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July 19, 2004

{     Content - edited by Rem Koolhaas and Brendan McGetrick, published by Taschen     }    

Imagine a book that is more like a magazine that is also an architectural journal that still manages to be visually engrossing and is ultimately entertaining as hell. Now imagine this publication is 544 pages long, and that it weighs almost as much as a severed human head. Imagine that when reading it, you occasionally laugh, that you sometimes frown, and that every once in a while you simply close the page and wonder how something like this ever even came to be. Content is the kind of transcendent brain and eye candy that usually finds itself spread out over a series of smaller, much less interesting publications. These are the ravings of insane maniacs, made relevant by the insane and maniacal world in which we find ourselves living. Content represents a vision for architecture that encompasses not only the physical interaction between humankind and the structures we dwell in and upon, but also the mental and spiritual environment that inform and shape that physical interaction. It's post-ironic End Times feel-good meta-architecture for the masses. It's a movement that only has Leaders, becase Followers just bog things down and never really seem to get it anyway. Published magazine-style, with advertising included to keep the costs low, Content is a collection of essays, pulp post-modernist rants, charts, graphs, photos and diagrams that attempt to explicate our modern dilemma. It's the kind of information overload that only those of us who've metriculated in the Information Age can truly appreciate- an overdose of detail that will have you fiending for more. As always, publisher Taschen scores points for an excellent-looking product, and for being progressive enough to put it out there in the first place. At less than $15, this is a text that everyone should encounter, if just to absorb for the moment all that has been condensed and compiled here.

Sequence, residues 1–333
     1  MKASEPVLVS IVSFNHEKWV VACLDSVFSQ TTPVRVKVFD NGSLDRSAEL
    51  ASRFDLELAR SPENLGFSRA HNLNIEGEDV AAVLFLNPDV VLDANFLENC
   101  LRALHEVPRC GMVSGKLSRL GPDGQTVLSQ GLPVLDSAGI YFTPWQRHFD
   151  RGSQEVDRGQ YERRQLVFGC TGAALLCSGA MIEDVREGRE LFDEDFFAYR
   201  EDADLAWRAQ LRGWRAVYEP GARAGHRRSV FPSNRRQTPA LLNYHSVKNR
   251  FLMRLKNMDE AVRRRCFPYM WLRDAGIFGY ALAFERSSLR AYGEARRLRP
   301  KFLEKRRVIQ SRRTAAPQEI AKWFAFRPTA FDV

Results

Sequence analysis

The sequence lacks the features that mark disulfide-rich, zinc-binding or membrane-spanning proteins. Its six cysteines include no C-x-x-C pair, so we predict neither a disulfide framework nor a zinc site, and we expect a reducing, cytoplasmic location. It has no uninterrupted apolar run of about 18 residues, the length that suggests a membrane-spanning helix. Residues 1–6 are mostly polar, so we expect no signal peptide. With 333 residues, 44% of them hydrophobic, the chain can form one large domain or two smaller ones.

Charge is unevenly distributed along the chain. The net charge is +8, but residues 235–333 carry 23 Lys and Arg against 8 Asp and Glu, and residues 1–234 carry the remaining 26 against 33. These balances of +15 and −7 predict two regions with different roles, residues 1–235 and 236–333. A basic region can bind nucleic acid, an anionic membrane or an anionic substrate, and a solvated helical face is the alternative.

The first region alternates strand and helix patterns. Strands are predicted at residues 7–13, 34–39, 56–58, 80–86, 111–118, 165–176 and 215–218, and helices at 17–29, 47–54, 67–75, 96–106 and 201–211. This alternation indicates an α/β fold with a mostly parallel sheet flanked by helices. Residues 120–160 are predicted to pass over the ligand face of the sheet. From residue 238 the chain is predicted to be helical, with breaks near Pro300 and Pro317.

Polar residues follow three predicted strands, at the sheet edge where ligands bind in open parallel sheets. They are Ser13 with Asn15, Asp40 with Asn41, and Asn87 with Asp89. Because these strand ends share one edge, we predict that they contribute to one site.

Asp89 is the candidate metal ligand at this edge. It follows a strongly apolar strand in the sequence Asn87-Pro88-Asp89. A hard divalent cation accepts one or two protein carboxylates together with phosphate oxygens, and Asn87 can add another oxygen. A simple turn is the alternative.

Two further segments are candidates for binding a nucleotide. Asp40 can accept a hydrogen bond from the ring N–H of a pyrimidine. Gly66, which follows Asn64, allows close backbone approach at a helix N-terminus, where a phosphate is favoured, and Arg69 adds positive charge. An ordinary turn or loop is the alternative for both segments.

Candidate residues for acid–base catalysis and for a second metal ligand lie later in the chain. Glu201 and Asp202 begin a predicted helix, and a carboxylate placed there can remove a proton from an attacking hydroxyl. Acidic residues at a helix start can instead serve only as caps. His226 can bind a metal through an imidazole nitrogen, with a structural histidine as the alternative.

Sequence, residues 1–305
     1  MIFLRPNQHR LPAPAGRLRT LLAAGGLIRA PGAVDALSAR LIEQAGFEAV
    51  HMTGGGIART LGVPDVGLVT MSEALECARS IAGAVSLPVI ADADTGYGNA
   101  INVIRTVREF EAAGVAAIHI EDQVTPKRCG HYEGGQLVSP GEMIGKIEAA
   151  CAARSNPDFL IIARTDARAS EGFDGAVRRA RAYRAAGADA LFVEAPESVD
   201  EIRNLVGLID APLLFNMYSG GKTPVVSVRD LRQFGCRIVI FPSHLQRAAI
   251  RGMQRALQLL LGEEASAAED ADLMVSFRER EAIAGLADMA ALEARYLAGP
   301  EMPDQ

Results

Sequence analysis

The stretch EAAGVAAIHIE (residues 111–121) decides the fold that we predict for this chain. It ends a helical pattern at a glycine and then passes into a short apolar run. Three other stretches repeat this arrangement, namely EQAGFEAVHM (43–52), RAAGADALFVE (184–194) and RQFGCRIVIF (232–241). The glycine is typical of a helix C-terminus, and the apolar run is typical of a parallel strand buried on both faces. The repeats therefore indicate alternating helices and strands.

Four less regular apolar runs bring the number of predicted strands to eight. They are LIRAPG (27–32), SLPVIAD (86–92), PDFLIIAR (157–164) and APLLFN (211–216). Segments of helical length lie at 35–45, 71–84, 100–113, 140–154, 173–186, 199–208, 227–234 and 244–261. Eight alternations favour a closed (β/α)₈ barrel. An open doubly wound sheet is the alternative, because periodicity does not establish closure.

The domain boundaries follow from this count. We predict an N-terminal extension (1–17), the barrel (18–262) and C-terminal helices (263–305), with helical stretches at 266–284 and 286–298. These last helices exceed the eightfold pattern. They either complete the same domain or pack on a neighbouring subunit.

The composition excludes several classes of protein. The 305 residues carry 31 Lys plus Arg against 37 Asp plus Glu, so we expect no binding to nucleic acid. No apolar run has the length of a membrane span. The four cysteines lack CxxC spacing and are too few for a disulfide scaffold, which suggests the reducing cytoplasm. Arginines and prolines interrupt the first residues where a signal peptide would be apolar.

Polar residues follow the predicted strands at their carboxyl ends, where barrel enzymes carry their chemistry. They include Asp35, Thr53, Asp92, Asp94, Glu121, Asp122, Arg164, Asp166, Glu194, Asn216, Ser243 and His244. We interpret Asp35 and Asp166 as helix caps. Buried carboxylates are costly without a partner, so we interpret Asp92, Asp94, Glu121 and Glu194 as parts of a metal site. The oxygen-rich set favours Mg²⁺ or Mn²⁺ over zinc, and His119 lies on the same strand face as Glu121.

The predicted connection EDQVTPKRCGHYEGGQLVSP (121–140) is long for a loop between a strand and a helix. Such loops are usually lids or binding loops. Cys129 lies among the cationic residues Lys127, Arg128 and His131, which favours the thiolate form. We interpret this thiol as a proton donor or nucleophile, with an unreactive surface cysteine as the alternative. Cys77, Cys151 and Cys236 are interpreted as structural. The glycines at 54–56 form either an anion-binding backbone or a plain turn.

» Read more on Taschen's website....
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Very good review, I love this book. It sprints toward so many issues that most architects and designers are frightened of.

Posted by: Andre Outland at August 20, 2004 5:20 PM
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